Lack of action
Sadly, my like and dislike sort of go hand in hand. Throughout Killer there’s a lot less A action and more average teenage drama. What’s nice about that is that Shepard can build the characters even further and give more depth to their personal situations…like Spencer’s messed up family situation.
By doing this, readers really start to feel for the girls–and feel what they feel. There are a number of times where I hated Spencer’s family just as much as she did, or felt as skeeved out by Xavier as Aria does. Taking a break from the suspenseful action we’re used to does make for a slower read, yet allows readers to really step into the girls’ shoes for a little while. Which in some ways is a great way to feel as if you’ve really entered into that world, rather than just watching from the outside. Sure that’s a little escapist of me…and a therapist would probably say that’s not healthy…but that’s part of what I love (and always have loved) about books/reading!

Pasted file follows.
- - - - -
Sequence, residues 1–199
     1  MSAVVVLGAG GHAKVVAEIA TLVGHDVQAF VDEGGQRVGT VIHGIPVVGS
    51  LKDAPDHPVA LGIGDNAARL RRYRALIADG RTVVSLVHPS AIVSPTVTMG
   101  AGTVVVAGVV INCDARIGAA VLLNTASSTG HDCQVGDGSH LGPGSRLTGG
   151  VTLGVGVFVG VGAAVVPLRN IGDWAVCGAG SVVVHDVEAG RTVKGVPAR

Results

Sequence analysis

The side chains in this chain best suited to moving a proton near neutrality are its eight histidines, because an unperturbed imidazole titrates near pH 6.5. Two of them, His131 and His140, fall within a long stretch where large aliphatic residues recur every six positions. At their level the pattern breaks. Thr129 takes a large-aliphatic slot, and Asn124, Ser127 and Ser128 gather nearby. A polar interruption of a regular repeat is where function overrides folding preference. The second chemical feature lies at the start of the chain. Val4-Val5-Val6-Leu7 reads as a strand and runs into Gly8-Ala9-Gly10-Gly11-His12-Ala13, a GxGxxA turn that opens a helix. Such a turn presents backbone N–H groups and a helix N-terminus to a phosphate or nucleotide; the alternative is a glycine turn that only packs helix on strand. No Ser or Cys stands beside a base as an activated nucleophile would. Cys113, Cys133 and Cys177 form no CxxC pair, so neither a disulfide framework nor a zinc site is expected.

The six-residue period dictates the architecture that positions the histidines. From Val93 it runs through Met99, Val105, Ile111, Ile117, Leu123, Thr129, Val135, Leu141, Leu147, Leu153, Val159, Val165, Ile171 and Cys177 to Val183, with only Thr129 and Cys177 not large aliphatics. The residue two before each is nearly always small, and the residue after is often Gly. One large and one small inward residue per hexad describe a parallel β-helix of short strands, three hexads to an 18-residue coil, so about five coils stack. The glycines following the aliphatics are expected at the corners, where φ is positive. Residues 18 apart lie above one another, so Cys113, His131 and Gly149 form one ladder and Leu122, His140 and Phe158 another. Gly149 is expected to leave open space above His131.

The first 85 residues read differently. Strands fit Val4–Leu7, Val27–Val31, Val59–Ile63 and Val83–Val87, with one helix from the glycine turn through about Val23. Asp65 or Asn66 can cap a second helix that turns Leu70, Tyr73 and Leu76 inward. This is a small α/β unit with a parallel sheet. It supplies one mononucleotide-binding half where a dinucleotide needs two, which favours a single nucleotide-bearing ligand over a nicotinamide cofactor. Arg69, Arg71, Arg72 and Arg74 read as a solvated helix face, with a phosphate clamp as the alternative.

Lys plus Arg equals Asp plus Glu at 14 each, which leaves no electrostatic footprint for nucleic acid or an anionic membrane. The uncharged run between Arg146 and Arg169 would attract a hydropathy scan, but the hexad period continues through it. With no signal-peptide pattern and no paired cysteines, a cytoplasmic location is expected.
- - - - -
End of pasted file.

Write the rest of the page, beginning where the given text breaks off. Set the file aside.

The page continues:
Jason DiLaurentis and Wilden finally become the questionable characters they’ve always appeared to be in the show. Maya may be on that list too, it’s hard to tell for sure, but she’s definitely acting a little A-like with the sneaking up on Emily and all. With more and more people becoming suspicious, Aria, Spencer, Hanna, and Emily seem to finally be coming together more fully than ever before. And it’s about time. They’ve placed themselves right in the line of danger by contacting Ian for information and have just found a secret they never expected.